not least as this generator is *not* exactly the same as that
in recent versions of S-PLUS.

'"Mersenne-Twister":' From Matsumoto and Nishimura (1998). A
twisted GFSR with period 2^19937 - 1 and equidistribution in
623 consecutive dimensions (over the whole period). The
"seed" is a 624-dimensional set of 32-bit integers plus a
current position in that set.

'"Knuth-TAOCP":' From Knuth (1997). A GFSR using lagged Fibonacci
sequences with subtraction. That is, the recurrence used is

X[j] = (X[j-100] - X[j-37]) mod 2^30

and the "seed" is the set of the 100 last numbers (actually
recorded as 101 numbers, the last being a cyclic shift of the
buffer). The period is around 2^129.

'"Knuth-TAOCP-2002":' The 2002 version which not backwards
compatible with the earlier version: the initialization of
the GFSR from the seed was altered. R did not allow you to
choose consecutive seeds, the reported 'weakness', and
already scrambled the seeds.

'"user-supplied":' Use a user-supplied generator. See
'Random.user' for details.

'normal.kind' can be '"Kinderman-Ramage"', '"Buggy
Kinderman-Ramage"', '"Ahrens-Dieter"', '"Box-Muller"',
'"Inversion"' (the default), or '"user-supplied"'. (For
inversion, see the reference in 'qnorm'.) The Kinderman-Ramage
generator used in versions prior to 1.7.1 had several
approximation errors and should only be used for reproduction of
older results.

'set.seed' uses its single integer argument to set as many seeds
as are required. It is intended as a simple way to get quite
different seeds by specifying small integer arguments, and also as
a way to get valid seed sets for the more complicated methods
(especially '"Mersenne-Twister"' and '"Knuth-TAOCP"').


'.Random.seed' is an 'integer' vector whose first element _codes_
the kind of RNG and normal generator. The lowest two decimal
digits are in '0:(k-1)' where 'k' is the number of available RNGs.
The hundreds represent the type of normal generator (starting at

In the underlying C, '.Random.seed[-1]' is 'unsigned'; therefore
in R '.Random.seed[-1]' can be negative, due to the representation
of an unsigned integer by a signed integer.

'RNGkind' returns a two-element character vector of the RNG and
normal kinds in use _before_ the call, invisibly if either
argument is not 'NULL'. 'RNGversion' returns the same information.

'set.seed' returns 'NULL', invisibly.


Initially, there is no seed; a new one is created from the
current time when one is required. Hence, different sessions will
give different simulation results, by default.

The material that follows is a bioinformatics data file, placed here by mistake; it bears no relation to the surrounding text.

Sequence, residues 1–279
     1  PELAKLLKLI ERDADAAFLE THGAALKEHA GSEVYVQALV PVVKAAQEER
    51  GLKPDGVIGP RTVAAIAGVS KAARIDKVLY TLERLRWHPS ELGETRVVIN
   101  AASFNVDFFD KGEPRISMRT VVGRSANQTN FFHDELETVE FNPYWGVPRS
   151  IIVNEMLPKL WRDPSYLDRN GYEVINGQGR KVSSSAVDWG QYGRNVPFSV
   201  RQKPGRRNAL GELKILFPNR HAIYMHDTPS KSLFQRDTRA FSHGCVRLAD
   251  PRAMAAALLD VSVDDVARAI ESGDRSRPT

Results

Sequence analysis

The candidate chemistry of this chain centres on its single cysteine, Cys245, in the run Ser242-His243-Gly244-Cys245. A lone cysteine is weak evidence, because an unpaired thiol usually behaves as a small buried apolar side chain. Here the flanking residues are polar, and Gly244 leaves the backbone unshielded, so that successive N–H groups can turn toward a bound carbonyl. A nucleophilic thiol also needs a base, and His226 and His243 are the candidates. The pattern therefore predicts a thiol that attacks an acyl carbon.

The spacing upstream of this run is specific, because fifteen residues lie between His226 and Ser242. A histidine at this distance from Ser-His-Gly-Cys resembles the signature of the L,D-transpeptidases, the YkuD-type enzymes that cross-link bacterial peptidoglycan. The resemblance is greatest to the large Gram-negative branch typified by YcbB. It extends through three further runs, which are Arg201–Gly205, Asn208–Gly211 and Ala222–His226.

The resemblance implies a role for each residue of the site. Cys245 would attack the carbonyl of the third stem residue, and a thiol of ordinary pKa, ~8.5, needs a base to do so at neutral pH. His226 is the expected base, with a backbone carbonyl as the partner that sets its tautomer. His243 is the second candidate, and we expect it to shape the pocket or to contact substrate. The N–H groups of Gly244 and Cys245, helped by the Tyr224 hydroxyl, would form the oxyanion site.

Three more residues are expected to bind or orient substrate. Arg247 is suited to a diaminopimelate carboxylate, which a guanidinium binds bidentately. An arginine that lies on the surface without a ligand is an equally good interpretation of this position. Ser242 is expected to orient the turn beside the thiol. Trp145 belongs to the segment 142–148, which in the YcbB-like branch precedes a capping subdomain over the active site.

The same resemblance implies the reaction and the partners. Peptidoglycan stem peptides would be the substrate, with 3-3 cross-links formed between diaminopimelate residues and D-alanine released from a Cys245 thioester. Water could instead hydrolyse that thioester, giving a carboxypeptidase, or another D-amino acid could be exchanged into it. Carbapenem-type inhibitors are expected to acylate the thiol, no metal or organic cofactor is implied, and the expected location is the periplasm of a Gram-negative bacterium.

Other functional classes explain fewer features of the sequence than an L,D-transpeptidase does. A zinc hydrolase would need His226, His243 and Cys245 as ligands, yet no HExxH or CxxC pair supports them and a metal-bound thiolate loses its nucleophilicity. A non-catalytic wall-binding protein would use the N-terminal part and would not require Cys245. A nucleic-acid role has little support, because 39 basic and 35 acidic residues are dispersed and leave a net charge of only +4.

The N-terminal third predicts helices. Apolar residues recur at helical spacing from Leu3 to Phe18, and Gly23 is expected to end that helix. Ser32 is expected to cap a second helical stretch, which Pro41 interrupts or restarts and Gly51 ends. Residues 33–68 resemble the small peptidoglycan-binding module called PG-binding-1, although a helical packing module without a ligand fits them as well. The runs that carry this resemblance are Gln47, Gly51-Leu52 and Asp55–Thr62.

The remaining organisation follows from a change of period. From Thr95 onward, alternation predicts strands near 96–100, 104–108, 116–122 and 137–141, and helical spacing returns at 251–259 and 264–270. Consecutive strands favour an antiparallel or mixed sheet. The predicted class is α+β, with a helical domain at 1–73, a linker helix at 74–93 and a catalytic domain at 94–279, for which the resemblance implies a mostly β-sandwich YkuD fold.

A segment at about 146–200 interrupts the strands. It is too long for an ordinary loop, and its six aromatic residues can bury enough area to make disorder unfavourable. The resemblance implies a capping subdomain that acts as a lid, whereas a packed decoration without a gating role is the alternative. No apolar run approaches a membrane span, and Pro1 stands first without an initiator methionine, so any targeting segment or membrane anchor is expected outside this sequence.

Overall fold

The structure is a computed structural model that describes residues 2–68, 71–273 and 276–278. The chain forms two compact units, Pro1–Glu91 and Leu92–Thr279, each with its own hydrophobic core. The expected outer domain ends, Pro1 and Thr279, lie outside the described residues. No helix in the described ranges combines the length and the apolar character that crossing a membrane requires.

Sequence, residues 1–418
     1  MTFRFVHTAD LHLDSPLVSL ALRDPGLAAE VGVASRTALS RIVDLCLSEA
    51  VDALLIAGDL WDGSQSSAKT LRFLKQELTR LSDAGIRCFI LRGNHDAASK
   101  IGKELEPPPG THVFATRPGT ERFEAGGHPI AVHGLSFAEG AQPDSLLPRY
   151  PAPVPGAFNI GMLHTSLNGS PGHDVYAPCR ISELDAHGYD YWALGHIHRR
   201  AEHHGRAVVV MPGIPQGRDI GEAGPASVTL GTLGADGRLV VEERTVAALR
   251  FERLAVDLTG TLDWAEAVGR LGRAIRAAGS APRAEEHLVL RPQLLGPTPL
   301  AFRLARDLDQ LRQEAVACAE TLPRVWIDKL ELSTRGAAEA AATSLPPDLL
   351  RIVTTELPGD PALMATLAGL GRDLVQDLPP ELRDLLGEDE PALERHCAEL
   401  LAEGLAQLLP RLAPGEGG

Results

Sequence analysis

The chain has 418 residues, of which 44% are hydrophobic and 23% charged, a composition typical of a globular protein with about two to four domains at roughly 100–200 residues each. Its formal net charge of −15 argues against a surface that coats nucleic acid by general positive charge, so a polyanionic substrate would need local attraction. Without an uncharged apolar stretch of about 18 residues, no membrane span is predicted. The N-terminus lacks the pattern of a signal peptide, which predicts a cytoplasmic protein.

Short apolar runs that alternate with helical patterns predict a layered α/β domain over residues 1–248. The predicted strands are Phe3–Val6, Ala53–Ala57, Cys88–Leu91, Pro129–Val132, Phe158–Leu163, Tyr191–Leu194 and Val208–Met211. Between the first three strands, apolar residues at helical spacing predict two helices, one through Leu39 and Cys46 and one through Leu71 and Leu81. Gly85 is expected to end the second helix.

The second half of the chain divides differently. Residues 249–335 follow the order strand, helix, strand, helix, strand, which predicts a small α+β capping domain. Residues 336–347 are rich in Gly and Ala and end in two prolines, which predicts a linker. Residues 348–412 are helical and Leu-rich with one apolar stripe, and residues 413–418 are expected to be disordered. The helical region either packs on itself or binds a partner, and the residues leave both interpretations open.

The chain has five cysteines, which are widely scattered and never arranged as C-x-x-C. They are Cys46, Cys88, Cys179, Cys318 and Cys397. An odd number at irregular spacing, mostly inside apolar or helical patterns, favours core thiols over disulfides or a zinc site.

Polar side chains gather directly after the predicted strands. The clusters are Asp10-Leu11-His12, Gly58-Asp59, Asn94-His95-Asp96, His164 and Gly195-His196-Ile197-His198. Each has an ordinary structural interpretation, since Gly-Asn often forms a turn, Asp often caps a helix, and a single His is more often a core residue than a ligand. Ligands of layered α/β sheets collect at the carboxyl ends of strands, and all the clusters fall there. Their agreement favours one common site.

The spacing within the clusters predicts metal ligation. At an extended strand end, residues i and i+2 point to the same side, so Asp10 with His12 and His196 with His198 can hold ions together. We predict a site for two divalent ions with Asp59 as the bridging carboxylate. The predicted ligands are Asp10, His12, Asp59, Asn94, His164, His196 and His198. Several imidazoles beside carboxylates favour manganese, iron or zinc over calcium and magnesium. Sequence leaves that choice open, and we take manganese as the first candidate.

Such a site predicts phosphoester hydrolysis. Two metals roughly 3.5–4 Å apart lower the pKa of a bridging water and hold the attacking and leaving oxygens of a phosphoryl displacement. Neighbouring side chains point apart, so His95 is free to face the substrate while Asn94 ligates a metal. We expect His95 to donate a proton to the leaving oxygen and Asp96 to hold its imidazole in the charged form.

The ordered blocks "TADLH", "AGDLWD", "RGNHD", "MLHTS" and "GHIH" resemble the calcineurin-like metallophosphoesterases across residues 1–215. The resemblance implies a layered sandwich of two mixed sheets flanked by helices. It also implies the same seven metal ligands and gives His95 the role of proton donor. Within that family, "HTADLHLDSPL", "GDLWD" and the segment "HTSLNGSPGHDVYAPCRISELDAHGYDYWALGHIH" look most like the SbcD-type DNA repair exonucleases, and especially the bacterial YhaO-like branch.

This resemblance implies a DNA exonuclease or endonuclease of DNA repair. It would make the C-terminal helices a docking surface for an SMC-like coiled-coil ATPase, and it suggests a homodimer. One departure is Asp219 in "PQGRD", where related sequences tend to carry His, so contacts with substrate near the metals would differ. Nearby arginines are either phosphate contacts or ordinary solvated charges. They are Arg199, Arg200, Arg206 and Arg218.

'.Random.seed' saves the seed set for the uniform random-number
generator, at least for the system generators. It does not
necessarily save the state of other generators, and in particular
does not save the state of the Box-Muller normal generator. If
you want to reproduce work later, call 'set.seed' rather than set

As from R 1.8.0, '.Random.seed' is only looked for in the user's

All the supplied uniform generators return 32-bit integer values
that are converted to doubles, so they take at most 2^32 distinct
values and long runs will return duplicated values.


of RNGkind: Martin Maechler. Current implementation, B. D. Ripley


Becker, R. A., Chambers, J. M. and Wilks, A. R. (1988) _The New S
Language_. Wadsworth & Brooks/Cole. ('set.seed', storing in

Wichmann, B. A. and Hill, I. D. (1982) _Algorithm AS 183: An
Efficient and Portable Pseudo-random Number Generator_, Applied
Statistics, *31*, 188-190; Remarks: *34*, 198 and *35*, 89.

De Matteis, A. and Pagnutti, S. (1993) _Long-range Correlation
Analysis of the Wichmann-Hill Random Number Generator_, Statist.
Comput., *3*, 67-70.

Marsaglia, G. (1997) _A random number generator for C._ Discussion
paper, posting on Usenet newsgroup 'sci.stat.math' on September
29, 1997.

Reeds, J., Hubert, S. and Abrahams, M. (1982-4) C implementation
of SuperDuper, University of California at Berkeley. (Personal
communication from Jim Reeds to Ross Ihaka.)

Marsaglia, G. and Zaman, A. (1994) Some portable very-long-period
random number generators. _Computers in Physics_, *8*, 117-121.

Matsumoto, M. and Nishimura, T. (1998) Mersenne Twister: A
623-dimensionally equidistributed uniform pseudo-random number
generator, _ACM Transactions on Modeling and Computer Simulation_,
*8*, 3-30.
Source code at <URL:>.

Knuth, D. E. (1997) _The Art of Computer Programming._ Volume 2,
third edition.
Source code at <URL:>.

Knuth, D. E. (2002) _The Art of Computer Programming._ Volume 2,
third edition, ninth printing.
See <URL: http://Sunburn.Stanford.EDU/~knuth/news02.html>.

Kinderman, A. J. and Ramage, J. G. (1976) Computer generation of
normal random variables. _Journal of the American Statistical
Association_ *71*, 893-896.

Ahrens, J.H. and Dieter, U. (1973) Extensions of Forsythe's method
for random sampling from the normal distribution. _Mathematics of
Computation_ *27*, 927-937.

Box, G.E.P. and Muller, M.E. (1958) A note on the generation of
normal random deviates. _Annals of Mathmatical Statistics_ *29*,